Social Work Practice and Social Justice: From Local to Global Perspectives / Edition 1 available in Paperback
Through its global approach, Sowers and Rowe's book encourages students to think critically about oppression and social justice issues at home and around the world. As a fundamental premise, the book establishes that social work practice needs to move from the local to the global in order for social justice to prevail. By shifting toward the broader study of institutional oppression and social justice advocacy, the authors also address the CSWE requirement to provide global content in the undergraduate and graduate curriculums. Throughout the text, articles, quotes and examples powerfully illustrate the key issues.
About the Author
Karen M. Sowers is Dean of the College of Social Work at the University of Tennessee. Her expertise and research interests include juvenile justice, sexuality, social work education, child welfare, best practices in mental health, evidence-based practices, and international social work. Dr. Sowers is the author or co-author of numerous books, book chapters and journal articles. In addition to this text, Dr. Sowers has co-authored another Brooks/Cole text, Juvenile Justice Practice.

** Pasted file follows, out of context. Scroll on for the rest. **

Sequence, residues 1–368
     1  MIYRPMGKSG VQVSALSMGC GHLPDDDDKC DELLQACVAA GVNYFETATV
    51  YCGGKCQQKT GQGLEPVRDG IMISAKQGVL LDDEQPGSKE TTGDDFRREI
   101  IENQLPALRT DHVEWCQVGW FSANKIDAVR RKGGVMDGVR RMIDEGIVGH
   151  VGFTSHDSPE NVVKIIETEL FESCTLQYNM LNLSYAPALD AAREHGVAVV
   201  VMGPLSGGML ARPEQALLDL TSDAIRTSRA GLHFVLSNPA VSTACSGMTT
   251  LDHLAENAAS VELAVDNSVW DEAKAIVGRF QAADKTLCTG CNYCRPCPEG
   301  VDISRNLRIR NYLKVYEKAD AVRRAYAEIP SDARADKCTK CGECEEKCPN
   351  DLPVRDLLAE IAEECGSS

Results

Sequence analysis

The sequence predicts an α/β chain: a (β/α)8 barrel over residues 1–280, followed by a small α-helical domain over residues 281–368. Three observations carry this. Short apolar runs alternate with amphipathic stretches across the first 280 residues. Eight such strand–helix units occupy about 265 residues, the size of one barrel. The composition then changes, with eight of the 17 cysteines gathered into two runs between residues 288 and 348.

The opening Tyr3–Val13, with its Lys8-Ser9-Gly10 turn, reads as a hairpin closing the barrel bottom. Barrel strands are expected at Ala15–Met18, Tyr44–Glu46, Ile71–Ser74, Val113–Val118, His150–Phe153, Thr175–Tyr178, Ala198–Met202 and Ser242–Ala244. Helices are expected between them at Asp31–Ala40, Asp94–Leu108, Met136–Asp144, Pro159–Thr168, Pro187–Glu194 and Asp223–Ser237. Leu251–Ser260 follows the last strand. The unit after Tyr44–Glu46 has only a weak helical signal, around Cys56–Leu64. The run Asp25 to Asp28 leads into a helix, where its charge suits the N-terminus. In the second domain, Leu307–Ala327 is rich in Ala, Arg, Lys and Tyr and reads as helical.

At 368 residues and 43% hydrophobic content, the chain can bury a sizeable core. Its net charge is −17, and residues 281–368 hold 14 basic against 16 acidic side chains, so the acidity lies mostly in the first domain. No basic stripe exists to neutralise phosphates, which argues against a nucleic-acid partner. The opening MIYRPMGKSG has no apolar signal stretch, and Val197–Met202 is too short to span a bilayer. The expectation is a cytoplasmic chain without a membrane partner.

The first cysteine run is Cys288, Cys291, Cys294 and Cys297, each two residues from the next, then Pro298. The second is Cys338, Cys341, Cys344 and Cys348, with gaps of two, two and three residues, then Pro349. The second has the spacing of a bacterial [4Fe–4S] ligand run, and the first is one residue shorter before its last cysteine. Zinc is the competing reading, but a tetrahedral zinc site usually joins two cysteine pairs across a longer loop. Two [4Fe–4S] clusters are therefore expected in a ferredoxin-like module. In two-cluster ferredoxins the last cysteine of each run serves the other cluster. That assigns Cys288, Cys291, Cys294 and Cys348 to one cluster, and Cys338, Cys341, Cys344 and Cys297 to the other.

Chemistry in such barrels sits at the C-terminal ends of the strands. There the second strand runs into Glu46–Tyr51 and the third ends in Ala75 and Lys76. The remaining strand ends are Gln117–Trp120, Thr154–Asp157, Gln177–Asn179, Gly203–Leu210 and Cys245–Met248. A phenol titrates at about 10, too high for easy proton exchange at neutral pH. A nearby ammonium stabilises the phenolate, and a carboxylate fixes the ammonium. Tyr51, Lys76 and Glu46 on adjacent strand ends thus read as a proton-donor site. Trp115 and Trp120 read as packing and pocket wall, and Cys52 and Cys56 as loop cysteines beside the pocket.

William S. Rowe is the Director of the School of Social Work at the University of South Florida. His research interests include HIV/AIDS, harm reduction, child welfare, and international social work. Dr. Rowe has written numerous journal articles and books.
Table of Contents
Part I. GLOBAL SOCIAL WORK: AN EMERGING PERSPECTIVE. 1. The Evolution of Social Work Around the World. 2. Social Work Throughout the World. 3. Global Standards for Social Work Practice: Implications for Generalist Practice. Part II. A GLOBAL PERSPECTIVE IS A HUMAN PERSPECTIVE: SAMPLE POPULATIONS. 4. Social Work Practice with Children and Youth. 5. Social Work Practice with Women and Girls. 6. Social Work Practice with the Elderly. Part III. SOCIAL CHALLENGES AND PRACTICE APPROACHES FROM A GLOBAL PERSPECTIVE. 7. Poverty Around the World. 8. Mental Health. 9. Substance Abuse. 10. Developmental/Physical Disability. 11. Health. 12. Crime and Justice. 13. Stress, Trauma, and Crisis Intervention. Part IV. MACRO PERSPECTIVES. 14. Community Development. Part V. THE FUTURE OF GLOBAL SOCIAL WORK PRACTICE. 15. Future Trends in Global Social Work Practice.